What is the reality of trading while insolvent? Debbie Cockerton navigates you through these dangerous waters
To an insolvency practitioner the expression “trading whilst knowingly insolvent” is used on a daily basis. However, if you are a director of a limited company and you are met with this expression this may cause you some stress.
Owners of a business may be hit by cash flow problems as their clients may be reluctant to pay out, especially this time of the year. Or there could be a slow down, with incoming orders and any cash reserves that a company may have had being quickly diminished. There is also the danger of increasing overheads, with rates going through the roof from April 2017.
Business owners always ask themselves if this is just a short-term blip – or if this is the start of a spiralling end to their much-worked-for business.
The phones may not be as busy and orders are thin on the ground. Suppliers are constantly chasing for money, the bank is pressing for repayment of the overdraft and there is always the wages, rent and utilities to pay, even before the director takes any wages. “Why are we doing this?” many people ask themselves.
The main sections of the Insolvency Act 1986 (IA1986) that a business owner needs to understand and to be aware of are:
- Wrongful trading (Section 214 IA1986)
- Transaction at an undervalue (Section 238 IA1986)
- Preferences (Section 239 (IA1986)
If the business continues to trade when they are insolvent, the directors of the business can become personally liable to contribute to the assets of the company and could be faced with a fine, imprisonment and/or a disqualification order.
So what constitutes ‘insolvent’ (most people think that their business is just going through a rough patch) and what is ‘wrongful trading’ all about?
Under Section 123 IA1986, insolvency is the definition of inability to pay debts which outlines the following:
- If a creditor who is owed over £750 has served on the company registered office a statutory demand requiring the company to pay the sum due and the company has for three weeks neglected to pay the sum, secure or compound it.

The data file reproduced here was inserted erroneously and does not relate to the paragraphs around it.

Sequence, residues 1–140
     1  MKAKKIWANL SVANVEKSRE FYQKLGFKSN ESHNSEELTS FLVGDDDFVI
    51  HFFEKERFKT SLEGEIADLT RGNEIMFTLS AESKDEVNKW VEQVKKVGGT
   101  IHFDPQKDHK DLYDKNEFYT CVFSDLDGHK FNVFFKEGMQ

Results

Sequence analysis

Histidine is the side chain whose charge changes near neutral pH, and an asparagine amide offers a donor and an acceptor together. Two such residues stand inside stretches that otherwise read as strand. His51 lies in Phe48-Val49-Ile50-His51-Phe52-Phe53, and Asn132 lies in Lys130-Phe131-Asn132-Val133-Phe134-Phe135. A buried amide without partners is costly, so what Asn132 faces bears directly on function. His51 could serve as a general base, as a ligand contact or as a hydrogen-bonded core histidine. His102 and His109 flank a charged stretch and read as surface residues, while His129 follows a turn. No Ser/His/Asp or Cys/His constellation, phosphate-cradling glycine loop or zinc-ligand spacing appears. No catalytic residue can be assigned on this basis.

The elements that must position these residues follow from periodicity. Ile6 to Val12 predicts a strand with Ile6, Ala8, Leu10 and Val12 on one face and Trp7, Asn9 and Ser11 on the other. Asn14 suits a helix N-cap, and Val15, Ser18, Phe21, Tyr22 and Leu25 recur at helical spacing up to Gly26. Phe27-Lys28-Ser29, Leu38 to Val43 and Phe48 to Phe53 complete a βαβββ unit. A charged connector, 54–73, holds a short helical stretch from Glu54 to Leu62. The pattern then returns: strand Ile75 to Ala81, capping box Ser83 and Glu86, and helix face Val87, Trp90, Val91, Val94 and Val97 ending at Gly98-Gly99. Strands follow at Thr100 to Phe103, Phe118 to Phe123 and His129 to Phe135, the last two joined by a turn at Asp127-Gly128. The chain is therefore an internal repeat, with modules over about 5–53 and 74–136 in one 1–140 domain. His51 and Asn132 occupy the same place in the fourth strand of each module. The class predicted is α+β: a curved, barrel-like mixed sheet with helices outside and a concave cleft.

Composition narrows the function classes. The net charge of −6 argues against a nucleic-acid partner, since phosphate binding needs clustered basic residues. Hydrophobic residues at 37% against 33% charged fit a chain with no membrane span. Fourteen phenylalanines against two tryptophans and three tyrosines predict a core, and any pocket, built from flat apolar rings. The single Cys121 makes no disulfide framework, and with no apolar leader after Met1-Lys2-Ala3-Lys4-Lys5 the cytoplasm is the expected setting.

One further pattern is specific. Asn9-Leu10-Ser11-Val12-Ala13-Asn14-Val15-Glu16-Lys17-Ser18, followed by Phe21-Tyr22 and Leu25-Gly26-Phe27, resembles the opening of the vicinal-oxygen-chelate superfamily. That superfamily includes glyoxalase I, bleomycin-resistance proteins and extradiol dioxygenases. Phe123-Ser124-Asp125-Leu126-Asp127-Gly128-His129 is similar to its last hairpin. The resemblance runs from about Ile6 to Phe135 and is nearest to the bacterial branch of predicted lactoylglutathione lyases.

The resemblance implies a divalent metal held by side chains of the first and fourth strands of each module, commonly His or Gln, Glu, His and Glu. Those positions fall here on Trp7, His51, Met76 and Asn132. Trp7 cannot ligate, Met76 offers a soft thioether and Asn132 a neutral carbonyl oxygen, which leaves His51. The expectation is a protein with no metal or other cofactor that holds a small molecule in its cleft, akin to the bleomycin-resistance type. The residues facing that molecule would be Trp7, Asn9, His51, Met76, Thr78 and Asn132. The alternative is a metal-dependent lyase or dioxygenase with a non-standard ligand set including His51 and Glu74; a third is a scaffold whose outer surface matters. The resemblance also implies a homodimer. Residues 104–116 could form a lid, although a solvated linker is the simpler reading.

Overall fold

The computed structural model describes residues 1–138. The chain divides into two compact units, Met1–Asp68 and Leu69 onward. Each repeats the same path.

- If in England and Wales, execution or other process issued on a judgment, decree, or order of any court is returned unsatisfied in whole, or in part.
- It is proved to the satisfaction of the court that the company is unable to pay its debts, as they fall due.
- The value of the company’s assets is less than the amount of its liabilities, taking into account its contingent and prospective liabilities
A wrongful trading action can be brought against the directors, and that includes shadow and de facto directors. To be found guilty of the offence, the court will need to see that the officer of the company ought to have concluded that the company had no realistic prospect of avoiding insolvent liquidation.
The courts will need to see that the company debts and liabilities have been incurred and increased, when there was no prospect of the debts being met and if the director “knew or ought to have concluded” that there was no reasonable prospect that the company would avoid going into insolvent liquidation.
So what can the directors do to protect themselves? The courts will look to see that the director took every step with a view to minimising the potential loss to the company as he ought to have taken. In layman’s terms this means:
- Prepare up-to-date management accounts.
- Make sure that the books and records are kept up-to-date.
- Regularly monitor the situation.
- Consult with the bank.
- Document any decision to continue to trade.
- Avoid dissipation of assets.
- Do not sell assets at undervalue.
- Do not prefer any creditors over others.
- Do not incur new credit.
- Do not take deposits if you aware that the order will not be fulfilled.
- Resignation is not an option!
So, if after taking all these steps the situation does not improve you should arrange to see an insolvency practitioner, who will be able to guide you down the correct path. This does not mean that all directors will face prosecution if the business is struggling and becomes insolvent. The courts will look at what the directors did and the manner in which the company traded, as well as what could be reasonably be expected of a person in that position with the particular director’s experience and knowledge.
If a client’s business is struggling then the earlier they take advice from an insolvency practitioner the more choices they will have. And they may also be able to continue along a very narrow pathway of not committing an offence under the Insolvency Act 1986.
- Debbie Cockerton is a partner at DCA Business recovery. Call 01702 344 558 or email firstname.lastname@example.org. To take advantage of DCA’s UK Recovery Helpline, which operates seven days a week (8am to 8pm), call 0800 066 2540
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